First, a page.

Top 10 biggest tech 'fails' of 2010

CNN make the list of  top10 biggest tech 'fails' of 2010. So here are the top "tech fails" of the year.

  • iPhone 4 'Antennagate'
Apple drama -- nothing brings out the diehard fans and Cupertino haters quite like this one. First Apple said the problem didn't exist. Then they said it was a software issue. Then they kind-of admitted it existed and gave away free cases to help. Then, they said it doesn't really exist anymore and stopped giving away the bumpers. Months later, the problem is all but forgotten and the phones show no sign of dipping in popularity. So "fail," in this case, is a pretty relative term.

  • 3-D TV
Three-dimension movies may have taken over your neighborhood multiplex. But how many people do you know who will pay $4,000 or more for a TV that has a limited amount of special content and makes you wear special glasses in the comfort of your own home?

  • Microsoft Kin
We almost don't have the heart to beat up on the Kins anymore.

Having already served up the short-lived, tween-centric phones in our Thanksgiving all-time tech turkey list, we'll just remind you that the Kin One and Kin Two (Born: April 2010. Died: July 2010) aimed to be the fun, social smartphone for kids but ended up as a sort-of iPhone Lite, with a pricier data plan than their limited functions could justify.

  • Nexus One
Google's Android phone operating system came into its own in 2010, actually outselling phones running Apple's system by the end of the year.
But Google might have gone wrong by originally selling the phone only online. Apparently, folks like to get their hands on their gadgets before paying for them.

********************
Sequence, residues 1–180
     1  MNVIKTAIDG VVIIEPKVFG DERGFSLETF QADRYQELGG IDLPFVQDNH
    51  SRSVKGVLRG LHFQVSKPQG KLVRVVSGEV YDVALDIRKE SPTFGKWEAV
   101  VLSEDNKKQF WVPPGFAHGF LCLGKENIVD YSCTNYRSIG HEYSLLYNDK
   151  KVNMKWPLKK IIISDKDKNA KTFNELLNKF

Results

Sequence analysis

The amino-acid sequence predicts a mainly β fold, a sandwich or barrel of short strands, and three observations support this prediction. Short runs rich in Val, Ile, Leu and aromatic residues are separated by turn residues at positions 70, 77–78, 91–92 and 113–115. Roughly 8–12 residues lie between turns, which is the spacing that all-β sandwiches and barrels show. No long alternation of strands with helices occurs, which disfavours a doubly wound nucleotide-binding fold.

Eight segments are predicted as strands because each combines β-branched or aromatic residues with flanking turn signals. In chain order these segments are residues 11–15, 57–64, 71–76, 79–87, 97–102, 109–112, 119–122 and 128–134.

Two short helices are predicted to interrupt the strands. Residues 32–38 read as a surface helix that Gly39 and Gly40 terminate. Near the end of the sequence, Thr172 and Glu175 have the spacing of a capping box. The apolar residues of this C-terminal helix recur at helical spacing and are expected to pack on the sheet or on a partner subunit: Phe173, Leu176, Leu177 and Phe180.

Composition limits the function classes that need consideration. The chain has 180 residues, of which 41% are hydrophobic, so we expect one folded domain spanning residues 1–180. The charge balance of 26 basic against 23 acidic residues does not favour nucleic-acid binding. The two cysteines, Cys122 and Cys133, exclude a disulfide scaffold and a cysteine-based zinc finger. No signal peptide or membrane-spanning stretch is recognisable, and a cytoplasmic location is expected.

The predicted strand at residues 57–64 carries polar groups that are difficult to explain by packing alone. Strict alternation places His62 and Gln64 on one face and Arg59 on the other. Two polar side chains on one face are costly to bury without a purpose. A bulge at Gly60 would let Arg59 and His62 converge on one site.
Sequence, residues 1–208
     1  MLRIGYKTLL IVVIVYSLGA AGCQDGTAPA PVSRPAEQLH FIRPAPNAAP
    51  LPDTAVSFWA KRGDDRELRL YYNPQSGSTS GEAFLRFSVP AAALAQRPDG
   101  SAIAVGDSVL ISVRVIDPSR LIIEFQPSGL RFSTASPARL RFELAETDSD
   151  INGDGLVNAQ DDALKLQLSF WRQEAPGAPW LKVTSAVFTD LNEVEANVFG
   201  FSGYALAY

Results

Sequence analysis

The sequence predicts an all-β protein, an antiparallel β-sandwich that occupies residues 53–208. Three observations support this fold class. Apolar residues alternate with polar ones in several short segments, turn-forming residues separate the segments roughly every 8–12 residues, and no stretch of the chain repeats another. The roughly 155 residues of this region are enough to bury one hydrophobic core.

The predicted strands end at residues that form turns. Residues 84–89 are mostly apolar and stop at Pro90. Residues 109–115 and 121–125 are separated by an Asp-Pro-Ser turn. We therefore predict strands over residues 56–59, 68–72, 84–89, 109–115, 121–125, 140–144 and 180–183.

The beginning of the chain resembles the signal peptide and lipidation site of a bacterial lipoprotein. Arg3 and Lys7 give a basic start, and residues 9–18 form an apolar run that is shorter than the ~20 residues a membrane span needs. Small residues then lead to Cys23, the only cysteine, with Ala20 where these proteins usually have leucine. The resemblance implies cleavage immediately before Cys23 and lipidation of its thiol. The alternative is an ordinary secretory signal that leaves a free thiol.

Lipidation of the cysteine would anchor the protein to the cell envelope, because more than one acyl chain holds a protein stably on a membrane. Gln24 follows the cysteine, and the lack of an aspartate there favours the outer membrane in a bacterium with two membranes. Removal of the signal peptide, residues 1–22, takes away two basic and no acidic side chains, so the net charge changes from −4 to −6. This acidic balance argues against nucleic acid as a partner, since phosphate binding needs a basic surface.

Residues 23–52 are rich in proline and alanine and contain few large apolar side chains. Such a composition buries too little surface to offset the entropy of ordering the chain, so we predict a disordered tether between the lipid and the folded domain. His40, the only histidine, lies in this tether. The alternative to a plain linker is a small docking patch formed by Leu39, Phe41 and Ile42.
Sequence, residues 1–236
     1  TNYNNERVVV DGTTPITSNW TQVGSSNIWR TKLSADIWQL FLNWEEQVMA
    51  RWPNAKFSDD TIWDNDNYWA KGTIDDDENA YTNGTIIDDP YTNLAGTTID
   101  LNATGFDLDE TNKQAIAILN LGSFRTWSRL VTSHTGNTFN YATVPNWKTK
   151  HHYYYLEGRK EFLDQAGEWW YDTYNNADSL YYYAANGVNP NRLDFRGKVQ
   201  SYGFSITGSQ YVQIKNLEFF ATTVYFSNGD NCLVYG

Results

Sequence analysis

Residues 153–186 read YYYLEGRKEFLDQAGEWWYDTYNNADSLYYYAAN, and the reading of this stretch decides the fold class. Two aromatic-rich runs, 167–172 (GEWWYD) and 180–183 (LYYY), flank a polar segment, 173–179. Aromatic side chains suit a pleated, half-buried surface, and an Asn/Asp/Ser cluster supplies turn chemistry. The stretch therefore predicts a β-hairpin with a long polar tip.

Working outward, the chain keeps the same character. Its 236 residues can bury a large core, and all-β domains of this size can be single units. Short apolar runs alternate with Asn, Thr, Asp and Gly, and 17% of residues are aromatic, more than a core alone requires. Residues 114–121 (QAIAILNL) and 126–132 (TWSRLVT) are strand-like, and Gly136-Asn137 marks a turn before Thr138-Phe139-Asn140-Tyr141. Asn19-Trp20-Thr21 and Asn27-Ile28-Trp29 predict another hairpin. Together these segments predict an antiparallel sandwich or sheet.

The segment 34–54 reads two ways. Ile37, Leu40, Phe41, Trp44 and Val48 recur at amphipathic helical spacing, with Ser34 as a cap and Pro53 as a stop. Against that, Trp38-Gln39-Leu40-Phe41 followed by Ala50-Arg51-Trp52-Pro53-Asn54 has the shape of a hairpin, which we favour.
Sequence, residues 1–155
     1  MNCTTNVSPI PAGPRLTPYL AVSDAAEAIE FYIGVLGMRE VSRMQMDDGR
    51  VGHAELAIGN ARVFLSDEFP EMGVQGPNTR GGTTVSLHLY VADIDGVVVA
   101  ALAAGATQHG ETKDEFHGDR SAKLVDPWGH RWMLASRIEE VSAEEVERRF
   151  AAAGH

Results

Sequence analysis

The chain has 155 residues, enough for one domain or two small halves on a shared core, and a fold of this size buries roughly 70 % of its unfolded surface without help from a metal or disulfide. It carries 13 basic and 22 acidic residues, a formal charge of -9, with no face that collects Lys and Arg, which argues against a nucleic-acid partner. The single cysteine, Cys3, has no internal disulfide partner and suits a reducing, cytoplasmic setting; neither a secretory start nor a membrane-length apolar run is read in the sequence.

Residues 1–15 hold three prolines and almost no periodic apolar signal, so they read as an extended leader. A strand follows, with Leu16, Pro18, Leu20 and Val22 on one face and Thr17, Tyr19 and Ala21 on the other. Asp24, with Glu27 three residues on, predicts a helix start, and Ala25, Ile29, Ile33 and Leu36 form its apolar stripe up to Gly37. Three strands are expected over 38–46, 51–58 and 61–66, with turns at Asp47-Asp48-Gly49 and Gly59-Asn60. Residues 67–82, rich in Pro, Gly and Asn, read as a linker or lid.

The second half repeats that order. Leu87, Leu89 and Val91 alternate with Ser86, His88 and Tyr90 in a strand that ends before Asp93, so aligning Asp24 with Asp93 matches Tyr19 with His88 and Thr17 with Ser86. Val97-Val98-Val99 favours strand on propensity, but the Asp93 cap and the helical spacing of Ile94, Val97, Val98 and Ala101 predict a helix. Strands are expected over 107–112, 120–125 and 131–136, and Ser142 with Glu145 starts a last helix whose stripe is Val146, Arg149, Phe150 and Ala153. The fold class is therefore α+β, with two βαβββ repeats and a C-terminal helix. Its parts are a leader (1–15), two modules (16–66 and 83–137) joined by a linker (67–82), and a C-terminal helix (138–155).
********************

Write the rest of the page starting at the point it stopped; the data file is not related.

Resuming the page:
• Facebook privacy
On April 21, Facebook CEO Mark Zuckerberg announced a new Facebook feature called the "Open Graph," which essentially brings Facebook-like functionality to a number of websites.

A few folks actually left on a protester-created "Quit Facebook Day." Most didn't, but the sustained anger led Facebook to eventually simplify its privacy controls and roll out some new ones.

  • Google Buzz
Buzz was supposed to be Google's entry into the world of social networking in much the same way that Google Wave, which Google killed in August, was supposed to revolutionize real-time communication.

  • Gawker media sites hacked
Two fails here, really.

Fail No. 1: Gawker Media sites were breached in early December, with hackers saying they got access to the user names and passwords for about 1.3 million users of sites such as Gizmodo, Jezebel, Lifehacker and Kotaku.

Fail No. 2: A published list of the most-popular passwords hacked showed that "123456," "password," "12345" and "qwerty" were at or near the top of the list.

Sorry, folks. If those are your passwords, it's awfully tough to feel sorry for you getting hacked.

  • Content Farm
Creating click-bait junk on the internet didn't start in 2010. But it certainly took off in a big way.
Demand Media, Aol's Seed and Associated Content, bought this year by Yahoo!, operate on a similar "content farm" model: They choose topics people are searching for on the internet, pay a "journalist" a tiny amount to write something -- anything -- about it, then slap it on the Web so people will click on it.

  • Digg relaunch
It's impressive that content-sharing sites such as Digg have clung to some degree of relevancy in an era when most people share their favorite digital content on Facebook and Twitter.
But, to be sure, they've struggled. And a revolt by some vocal members of Digg this summer didn't help. The site got a major overhaul to make it easier for users to find content.

  • iTunes Ping
There's a whole social network set up in Apple's iTunes store now. Didn't know that? Well, there you go.
Not all musical artists are on there. And it doesn't integrate with Facebook. (Although Ping and Twitter just linked up). And, a lot of the time, it simply pushes you to buy music. Needless to say, Ping hasn't really caught on.